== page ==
We also learn the fullness of Christ’s joy.  He has all the joy that can be had.  To apply our definition, He has a full and perfect satisfaction in Himself as the 2nd person of the Godhead, and a full and perfect delight in His own will as God.  Whenever the Bible speaks of fullness of joy, it is speaking of the joy that Christ has – a joy that the saints of God can look forward to someday when we finally enter into the joy of the Lord.

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Fullness of Joy Is Found in Christ

Thou wilt shew me the path of life: in thy presence is fulness of joy; at thy right hand there are pleasures for evermore. (Psalm 16:11)

What is the object of your joy? If you answer that it is “yourself,” you would be guilty of a terrible conceit. Yet, the object of Jesus Christ’s joy is most certainly Himself, as there is nothing higher for Jesus to delight in or to enjoy than Himself.

The joy of Jesus Christ consists of an absolute satisfaction in Himself and a delight and joy in Himself.  I repeat what I said in an earlier post: that God has a complete happiness and satisfaction with Himself and with His will, and at the same time a delight in that will.[1]

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The Unsurpassed Joy of Jesus

The Bible overflows with the joy of God.

Thy throne, O God, is for ever and ever: a sceptre of righteousness is the sceptre of thy kingdom. Thou hast loved righteousness, and hated iniquity; therefore God, even thy God, hath anointed thee with the oil of gladness above thy fellows. (Hebrews 1:8-9)

Jesus has more joy than any other being.  Surely that points to the fact of His joy.  Psalm 16 strengthens this conclusion.

I have set the LORD always before me: because he is at my right hand, I shall not be moved. Therefore my heart is glad, and my glory rejoiceth: my flesh also shall rest in hope. For thou wilt not leave my soul in hell; neither wilt thou suffer thine Holy One to see corruption. Thou wilt shew me the path of life: in thy presence is fulness of joy; at thy right hand there are pleasures for evermore.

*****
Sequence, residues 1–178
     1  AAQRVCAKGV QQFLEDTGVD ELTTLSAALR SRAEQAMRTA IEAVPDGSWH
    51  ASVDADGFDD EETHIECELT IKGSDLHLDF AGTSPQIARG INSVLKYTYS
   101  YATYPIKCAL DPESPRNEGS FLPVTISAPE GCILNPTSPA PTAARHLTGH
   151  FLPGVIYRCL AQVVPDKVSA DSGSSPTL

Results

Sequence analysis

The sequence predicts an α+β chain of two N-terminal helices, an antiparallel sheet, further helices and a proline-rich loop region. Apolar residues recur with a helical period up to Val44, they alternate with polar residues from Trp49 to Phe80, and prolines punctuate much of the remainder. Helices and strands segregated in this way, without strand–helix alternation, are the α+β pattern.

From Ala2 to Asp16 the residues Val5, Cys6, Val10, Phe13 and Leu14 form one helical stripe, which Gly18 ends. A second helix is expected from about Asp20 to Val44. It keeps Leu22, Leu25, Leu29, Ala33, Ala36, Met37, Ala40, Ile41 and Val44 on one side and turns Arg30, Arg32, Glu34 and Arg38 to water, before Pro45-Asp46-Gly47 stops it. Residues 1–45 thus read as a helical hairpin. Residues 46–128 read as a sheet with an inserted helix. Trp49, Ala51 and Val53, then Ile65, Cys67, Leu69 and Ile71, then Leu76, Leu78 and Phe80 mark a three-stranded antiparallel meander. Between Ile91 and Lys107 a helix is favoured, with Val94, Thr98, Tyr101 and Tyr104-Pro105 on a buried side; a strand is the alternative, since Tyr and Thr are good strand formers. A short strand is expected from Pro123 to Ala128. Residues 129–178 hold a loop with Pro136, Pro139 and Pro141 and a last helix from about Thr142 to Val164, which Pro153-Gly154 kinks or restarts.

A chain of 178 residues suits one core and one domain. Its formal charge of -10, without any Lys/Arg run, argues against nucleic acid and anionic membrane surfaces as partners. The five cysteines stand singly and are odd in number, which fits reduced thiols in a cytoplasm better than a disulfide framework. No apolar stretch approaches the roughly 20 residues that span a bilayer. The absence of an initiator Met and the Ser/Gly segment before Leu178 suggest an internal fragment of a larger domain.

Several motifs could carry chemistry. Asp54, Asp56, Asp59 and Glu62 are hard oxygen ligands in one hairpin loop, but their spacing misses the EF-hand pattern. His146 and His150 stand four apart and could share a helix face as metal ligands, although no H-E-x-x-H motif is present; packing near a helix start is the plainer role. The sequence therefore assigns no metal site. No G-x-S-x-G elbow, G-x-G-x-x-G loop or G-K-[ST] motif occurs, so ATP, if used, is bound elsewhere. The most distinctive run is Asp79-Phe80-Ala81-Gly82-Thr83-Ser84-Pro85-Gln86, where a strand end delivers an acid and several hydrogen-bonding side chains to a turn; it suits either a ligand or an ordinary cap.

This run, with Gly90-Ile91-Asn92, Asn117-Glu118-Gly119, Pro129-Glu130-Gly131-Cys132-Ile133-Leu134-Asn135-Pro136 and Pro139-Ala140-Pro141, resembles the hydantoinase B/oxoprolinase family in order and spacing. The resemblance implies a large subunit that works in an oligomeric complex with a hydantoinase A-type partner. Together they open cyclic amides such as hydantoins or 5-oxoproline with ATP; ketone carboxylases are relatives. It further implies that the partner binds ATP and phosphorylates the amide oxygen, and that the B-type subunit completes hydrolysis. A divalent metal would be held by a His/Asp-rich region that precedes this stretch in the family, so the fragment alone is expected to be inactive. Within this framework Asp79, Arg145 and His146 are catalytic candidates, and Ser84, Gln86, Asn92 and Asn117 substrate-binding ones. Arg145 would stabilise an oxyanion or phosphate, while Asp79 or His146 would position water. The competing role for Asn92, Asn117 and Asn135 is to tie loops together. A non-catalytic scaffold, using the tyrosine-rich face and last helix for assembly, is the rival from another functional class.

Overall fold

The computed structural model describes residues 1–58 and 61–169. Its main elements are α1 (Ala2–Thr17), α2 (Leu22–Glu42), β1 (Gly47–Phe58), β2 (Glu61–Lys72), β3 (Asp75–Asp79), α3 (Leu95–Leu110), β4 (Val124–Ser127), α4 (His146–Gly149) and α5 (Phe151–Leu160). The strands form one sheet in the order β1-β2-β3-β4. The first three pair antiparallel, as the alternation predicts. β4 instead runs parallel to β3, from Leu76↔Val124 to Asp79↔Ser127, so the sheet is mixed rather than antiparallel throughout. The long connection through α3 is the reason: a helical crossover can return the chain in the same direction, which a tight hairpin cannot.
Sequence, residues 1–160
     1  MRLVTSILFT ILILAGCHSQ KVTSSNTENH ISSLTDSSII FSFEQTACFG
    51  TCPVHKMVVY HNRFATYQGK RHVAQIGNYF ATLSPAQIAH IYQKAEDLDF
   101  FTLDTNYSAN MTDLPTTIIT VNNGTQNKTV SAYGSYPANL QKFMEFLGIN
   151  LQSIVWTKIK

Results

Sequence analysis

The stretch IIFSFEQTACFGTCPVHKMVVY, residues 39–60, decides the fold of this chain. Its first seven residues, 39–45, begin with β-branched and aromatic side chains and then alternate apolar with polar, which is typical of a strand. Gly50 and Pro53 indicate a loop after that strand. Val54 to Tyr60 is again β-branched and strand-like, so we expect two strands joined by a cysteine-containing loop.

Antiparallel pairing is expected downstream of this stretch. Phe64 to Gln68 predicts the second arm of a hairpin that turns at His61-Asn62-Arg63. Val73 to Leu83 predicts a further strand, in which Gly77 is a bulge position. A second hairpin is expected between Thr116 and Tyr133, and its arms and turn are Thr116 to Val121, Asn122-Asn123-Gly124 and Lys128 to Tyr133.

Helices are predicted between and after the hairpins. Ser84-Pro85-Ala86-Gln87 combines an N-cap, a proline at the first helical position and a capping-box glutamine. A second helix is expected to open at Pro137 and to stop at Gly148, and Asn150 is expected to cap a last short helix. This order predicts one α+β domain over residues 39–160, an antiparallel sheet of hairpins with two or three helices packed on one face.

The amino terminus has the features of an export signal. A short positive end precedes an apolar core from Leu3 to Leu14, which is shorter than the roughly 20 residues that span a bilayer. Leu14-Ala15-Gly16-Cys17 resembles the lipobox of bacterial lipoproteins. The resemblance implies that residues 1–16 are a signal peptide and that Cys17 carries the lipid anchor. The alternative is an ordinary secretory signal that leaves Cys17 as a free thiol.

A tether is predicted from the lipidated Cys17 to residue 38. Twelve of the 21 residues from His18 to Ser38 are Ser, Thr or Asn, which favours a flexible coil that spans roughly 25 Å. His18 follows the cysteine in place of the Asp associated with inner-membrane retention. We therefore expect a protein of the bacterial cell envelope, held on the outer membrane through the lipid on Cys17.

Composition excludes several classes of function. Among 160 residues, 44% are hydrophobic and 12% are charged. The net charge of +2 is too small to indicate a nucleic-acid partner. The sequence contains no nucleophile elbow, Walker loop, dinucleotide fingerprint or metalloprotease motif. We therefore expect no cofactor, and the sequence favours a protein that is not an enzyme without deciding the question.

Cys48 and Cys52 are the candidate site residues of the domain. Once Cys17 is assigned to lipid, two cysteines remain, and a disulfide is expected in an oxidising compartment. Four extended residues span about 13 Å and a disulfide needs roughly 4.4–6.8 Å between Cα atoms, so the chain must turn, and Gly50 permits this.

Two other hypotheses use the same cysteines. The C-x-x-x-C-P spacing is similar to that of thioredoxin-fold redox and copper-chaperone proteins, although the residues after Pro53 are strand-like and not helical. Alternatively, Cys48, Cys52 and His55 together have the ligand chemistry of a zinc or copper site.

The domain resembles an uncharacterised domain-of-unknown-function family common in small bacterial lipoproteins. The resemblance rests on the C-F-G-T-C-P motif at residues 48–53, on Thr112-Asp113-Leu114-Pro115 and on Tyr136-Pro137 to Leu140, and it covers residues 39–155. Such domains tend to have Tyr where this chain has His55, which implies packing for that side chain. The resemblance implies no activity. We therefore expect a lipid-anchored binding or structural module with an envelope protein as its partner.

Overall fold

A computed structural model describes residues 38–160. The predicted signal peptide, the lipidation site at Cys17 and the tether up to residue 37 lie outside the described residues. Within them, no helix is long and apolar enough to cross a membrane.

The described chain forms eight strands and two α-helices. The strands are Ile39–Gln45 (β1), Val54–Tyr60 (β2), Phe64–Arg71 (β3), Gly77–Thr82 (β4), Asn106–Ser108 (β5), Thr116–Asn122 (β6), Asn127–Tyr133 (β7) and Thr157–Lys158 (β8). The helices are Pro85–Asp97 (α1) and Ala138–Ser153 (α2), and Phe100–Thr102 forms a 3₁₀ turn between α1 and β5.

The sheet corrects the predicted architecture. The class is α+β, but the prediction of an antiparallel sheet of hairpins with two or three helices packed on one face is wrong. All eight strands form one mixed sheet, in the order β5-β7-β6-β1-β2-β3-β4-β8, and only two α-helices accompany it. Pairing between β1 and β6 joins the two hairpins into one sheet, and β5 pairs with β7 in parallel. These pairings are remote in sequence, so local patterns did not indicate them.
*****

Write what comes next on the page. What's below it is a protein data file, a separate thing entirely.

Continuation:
I am not saying anything profound when I say that if Jesus were moody or gloomy or sullen rather than full of joy, there could not be pleasures forevermore at His right hand.[1] We could never expect to have more joy than our creator – and heaven could only be as happy as God is.

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The Unspeakable Joy of God

But unto the Son he saith, Thy throne, O God, is for ever and ever: a sceptre of righteousness is the sceptre of thy kingdom. Thou hast loved righteousness, and hated iniquity; therefore God, even thy God, hath anointed thee with the oil of gladness above thy fellows.

Hebrews 1:8-9

Consider for a moment the unspeakable joy of God. Hebrews 1:8-9 tells us that “God, even thy God, hath anointed thee with the oil of gladness above thy fellows.”  The text is speaking of Jesus.  God the Father anointed God the Son with the oil of gladness above “thy fellows” – that is, above His fellow men.  God the Father was not anointing Jesus with something that He Himself did not possess.  Nor did this anointing produce in Jesus an amount of joy that exceeded what was already possessed of the Father.  So, we can concluded that Jesus had more joy than any man, and that God has an incomprehensible amount of joy.  Jesus is the happiest man who ever lived, and God is a very happy God.

We should pause to consider this for several reasons: knowing this about God can help us understand our own joy a little more, it can help us enjoy God more and rejoice in Him more in worship, and it can give us a richer, more personal, and more genuine experience of His joy.

It is appropriate that we should do this at Christmas time – because Christmas should be a time of overflowing joy for the Christian.  My son was commenting on the number of people he has encountered who absolutely hate Christmas – the trees, the lights, the carols, the traditions, the family gatherings – especially the family gatherings.  I think for many, the Christmas season shines a spotlight on their miseries and reminds them of their disappointments and their heartaches and pain. They prefer not to stir that bad soup, and Christmas insists on stirring it.